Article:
It is telling that the people most on the side of reality today are precisely those most shielded from its effects. For instance, in the Telegraph recently some idiot baby by the name of James Kirkup wrote a piece arguing, in short, that anyone thinks the recent agreement between Greece and their creditors was a coup should “grow up and join the real world.” What I found most offensive about this piece is that Kirkup – at least for the purposes of rhetoric – seems to be under no illusions about the destructive effects of continuing austerity on Greece; something that the Greek people had, it cannot be emphasised enough, rejected by a landslide in a recent referendum. Kirkup addresses all of this, alongside the unfair pressure exerted upon Greece by Germany in the negotiations. His conclusion? The situation in Greece is “just a fact of life. Welcome to the real world, kids.”

Well, if I was James Kirkup, someone who is described in his profile as the Telegraph’s “Executive Editor – Politics” and presumably has the salary to match that fancy title, I’d probably find it pretty easy to ‘grow up’ and accept ‘reality’, too. Because I’m not the one who has to fucking live in it. I am not, at least until the world gets a lot more just, the one who reality will impose itself upon with all the force of an earthquake at the speed of a freight train. I am not the one who reality will make starving and destitute, the one whose dreams reality will destroy, the one who needs reality to be radically transformed, if I am ever to even breathe again comfortably and without fear. No: if I was James Kirkup, Executive Editor – Politics at the Daily Telegraph, I could quite happily sit gurgling on my changing table writing thinkpieces de-legitimising the experience of everyone who reality has robbed of a future until my arse finally stopped spewing runny shite.

Here’s the irony: the partisans of reality are the real angry babies, the people who must have the least to do with reality; otherwise they would never prefer it to the alternatives. The partisans of reality today are in truth complete fantasists: people who have no interest in taking into account the real, material effects of what they do – and what they advocate – on people’s lives. Instead they cling to the comfort-blanket of market ideology magical thinking: they suck their thumbs, shake their rattles and scream for everyone to accept their reality, unshakable in the conviction that this must be how things ultimately, unchangeably are. Grow up, they tell us: grow up, capitulate to market forces, and give us our num-num whenever we want it.

Well, as any angry baby must some day find out, there’s only so many times you can bite your num-num while it’s giving you suck until you find yourself sold on the internet or left in a skip. Recently there have been some encouraging signs of anger in Europe: not the petty rage of the angry baby from the picture but the sort of legitimate anger that must result from being kicked in the face by reality one too many times. Most significant of course is the ‘Oxi’ result in Greece, for all the fat lot of good it did anyone in the end. But recent events in UK politics too – the surge in support for Jeremy Corbyn for Labour leader; Mhairi Black’s stirring maiden speech in the Commons – bespeak an increasing momentum behind anti-austerity politics over here. The key thing, of course, is to channel this anger into real socio-economic transformation… and of course the recent history of politics in the UK should hardly make us optimistic that this is what will happen. But perhaps the first step towards doing this is to take control of the debate, by having the courage to say: you’re the angry babies here, and we’re the sensible grown-ups who know how things stand with the real world. For no serious policy on reality today could ever fail to propose its radical transformation.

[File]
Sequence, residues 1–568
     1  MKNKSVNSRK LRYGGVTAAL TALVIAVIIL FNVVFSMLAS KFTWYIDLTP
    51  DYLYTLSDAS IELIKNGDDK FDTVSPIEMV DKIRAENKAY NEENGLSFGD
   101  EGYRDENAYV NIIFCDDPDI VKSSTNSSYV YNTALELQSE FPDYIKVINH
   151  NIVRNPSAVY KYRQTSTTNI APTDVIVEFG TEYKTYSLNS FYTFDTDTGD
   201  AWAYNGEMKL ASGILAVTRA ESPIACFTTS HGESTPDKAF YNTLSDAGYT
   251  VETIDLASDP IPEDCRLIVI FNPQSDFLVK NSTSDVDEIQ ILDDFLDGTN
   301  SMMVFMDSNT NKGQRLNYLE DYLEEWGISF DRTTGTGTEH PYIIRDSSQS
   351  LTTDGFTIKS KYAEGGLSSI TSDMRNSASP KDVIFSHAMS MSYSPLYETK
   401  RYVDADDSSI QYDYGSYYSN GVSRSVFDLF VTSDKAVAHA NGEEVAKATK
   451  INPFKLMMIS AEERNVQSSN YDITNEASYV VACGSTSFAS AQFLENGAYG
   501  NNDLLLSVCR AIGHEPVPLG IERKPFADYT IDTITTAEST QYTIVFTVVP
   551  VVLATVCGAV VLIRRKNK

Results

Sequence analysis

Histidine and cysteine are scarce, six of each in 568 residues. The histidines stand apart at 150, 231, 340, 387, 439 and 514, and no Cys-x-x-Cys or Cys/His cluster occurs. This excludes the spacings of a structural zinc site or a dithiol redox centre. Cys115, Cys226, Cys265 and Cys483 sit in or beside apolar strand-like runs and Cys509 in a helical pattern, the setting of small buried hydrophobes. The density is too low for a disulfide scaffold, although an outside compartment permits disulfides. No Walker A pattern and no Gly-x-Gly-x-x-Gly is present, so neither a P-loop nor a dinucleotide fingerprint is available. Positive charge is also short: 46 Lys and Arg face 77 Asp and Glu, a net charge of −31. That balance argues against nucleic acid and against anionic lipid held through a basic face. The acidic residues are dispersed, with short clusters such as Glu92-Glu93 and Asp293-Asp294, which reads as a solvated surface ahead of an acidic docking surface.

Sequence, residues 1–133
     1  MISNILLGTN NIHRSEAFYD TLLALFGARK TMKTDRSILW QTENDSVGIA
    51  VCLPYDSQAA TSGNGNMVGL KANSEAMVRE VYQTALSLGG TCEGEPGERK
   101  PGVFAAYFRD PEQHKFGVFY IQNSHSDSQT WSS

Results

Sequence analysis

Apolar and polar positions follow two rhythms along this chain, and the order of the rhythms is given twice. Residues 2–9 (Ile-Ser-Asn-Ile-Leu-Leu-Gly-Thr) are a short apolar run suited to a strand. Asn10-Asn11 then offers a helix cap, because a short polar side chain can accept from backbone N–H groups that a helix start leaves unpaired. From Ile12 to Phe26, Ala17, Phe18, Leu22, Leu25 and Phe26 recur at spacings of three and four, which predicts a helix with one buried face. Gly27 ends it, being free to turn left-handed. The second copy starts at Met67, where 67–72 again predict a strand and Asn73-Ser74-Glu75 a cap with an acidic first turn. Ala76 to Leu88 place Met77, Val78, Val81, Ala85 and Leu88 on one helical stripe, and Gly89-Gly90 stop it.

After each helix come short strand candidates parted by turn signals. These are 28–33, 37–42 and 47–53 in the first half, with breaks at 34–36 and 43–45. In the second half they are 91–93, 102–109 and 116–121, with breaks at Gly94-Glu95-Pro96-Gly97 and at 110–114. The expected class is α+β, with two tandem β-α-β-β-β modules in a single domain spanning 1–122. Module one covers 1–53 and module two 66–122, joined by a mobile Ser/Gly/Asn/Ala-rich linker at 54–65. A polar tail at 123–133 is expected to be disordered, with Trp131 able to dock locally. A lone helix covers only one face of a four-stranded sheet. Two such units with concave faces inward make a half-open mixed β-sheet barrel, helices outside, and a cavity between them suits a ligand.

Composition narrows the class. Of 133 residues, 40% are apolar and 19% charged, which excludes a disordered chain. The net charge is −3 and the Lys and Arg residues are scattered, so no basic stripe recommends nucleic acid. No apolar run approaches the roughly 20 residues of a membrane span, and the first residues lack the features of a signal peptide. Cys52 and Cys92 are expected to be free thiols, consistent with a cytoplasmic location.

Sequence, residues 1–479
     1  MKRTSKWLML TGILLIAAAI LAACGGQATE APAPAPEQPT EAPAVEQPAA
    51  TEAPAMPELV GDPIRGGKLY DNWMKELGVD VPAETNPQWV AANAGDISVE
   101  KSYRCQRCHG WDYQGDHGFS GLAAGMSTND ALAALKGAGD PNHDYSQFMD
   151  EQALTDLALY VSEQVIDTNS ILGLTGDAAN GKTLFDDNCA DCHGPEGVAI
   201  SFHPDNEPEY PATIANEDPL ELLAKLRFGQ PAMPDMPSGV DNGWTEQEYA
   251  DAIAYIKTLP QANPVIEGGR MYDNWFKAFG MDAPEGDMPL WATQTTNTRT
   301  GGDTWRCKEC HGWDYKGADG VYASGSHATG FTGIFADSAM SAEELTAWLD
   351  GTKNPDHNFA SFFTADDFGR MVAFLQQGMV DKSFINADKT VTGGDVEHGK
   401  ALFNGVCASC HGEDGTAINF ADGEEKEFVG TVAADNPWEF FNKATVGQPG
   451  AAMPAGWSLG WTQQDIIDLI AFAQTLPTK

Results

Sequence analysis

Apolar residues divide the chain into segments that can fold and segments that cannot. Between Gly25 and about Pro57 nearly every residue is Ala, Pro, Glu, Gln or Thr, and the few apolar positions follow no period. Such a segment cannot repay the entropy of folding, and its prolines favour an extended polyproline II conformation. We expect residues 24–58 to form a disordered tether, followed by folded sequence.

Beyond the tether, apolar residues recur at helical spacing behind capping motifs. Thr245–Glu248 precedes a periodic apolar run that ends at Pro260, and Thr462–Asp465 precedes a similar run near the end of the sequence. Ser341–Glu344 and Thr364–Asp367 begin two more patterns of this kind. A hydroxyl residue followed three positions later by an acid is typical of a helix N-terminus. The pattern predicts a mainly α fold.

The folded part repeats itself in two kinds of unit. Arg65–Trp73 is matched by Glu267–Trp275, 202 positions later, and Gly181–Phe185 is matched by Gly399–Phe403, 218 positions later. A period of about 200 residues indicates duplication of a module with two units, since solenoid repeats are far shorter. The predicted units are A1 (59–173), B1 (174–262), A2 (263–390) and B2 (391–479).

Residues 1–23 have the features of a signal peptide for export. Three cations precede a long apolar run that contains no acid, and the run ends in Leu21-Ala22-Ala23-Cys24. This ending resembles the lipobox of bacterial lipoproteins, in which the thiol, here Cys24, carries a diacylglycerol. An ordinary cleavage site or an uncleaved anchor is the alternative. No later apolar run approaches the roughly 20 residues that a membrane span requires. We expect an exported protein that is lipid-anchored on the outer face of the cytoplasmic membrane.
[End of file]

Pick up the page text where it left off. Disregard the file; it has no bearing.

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The M&Ms Store in the Age of Minions

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I visited M&Ms World in Leicester Square this Tuesday, for the first time in rather a long time, but to be honest with you I’m not sure why they bother calling it M&Ms World at all anymore. The whole thing is just Minions.

As many of you will know, I’ve thought and written quite extensively about the M&Ms store in the past. From the moment I first saw the M&Ms store, in October 2011, I was completely fascinated with it. Posing as an amusingly left-field attempt to market a hard-shelled chocolate candy, the M&Ms store in fact represented the attempt to replicate the entire world, in M&Ms form. Aside from the sweet itself, you could buy anything at all in the M&Ms store, filtered and distorted through the prism of the five M&Ms character-candies: not just food but clothing; domestic appliances; farming equipment; all of the most terrible engines of torture and mass destruction ever contrived by man; the great works of western art and literature; pornography representing every fetish (so long as it involves fucking the Green M&M); all animals real, extinct, and imagined; the eight planets of our solar system; and God.

As I argued in my 2013 essay, the M&Ms store represented a new development in the dialectic of capitalist reification: it utilises a five-fold ‘character-ontology’ to more effectively reduce all things and qualities in the world to itself. Since an M&M is, of course, a capitalist product, this means that all things will, in turn, have been rendered into money and thus made exchangeable and fungible. In my essay I wrote as if the transformation of all things into M&Ms, a process kickstarted by the M&Ms store, was pretty much an inevitably. This was something I sincerely believed: I was not being ironic. But I now know that I was wrong.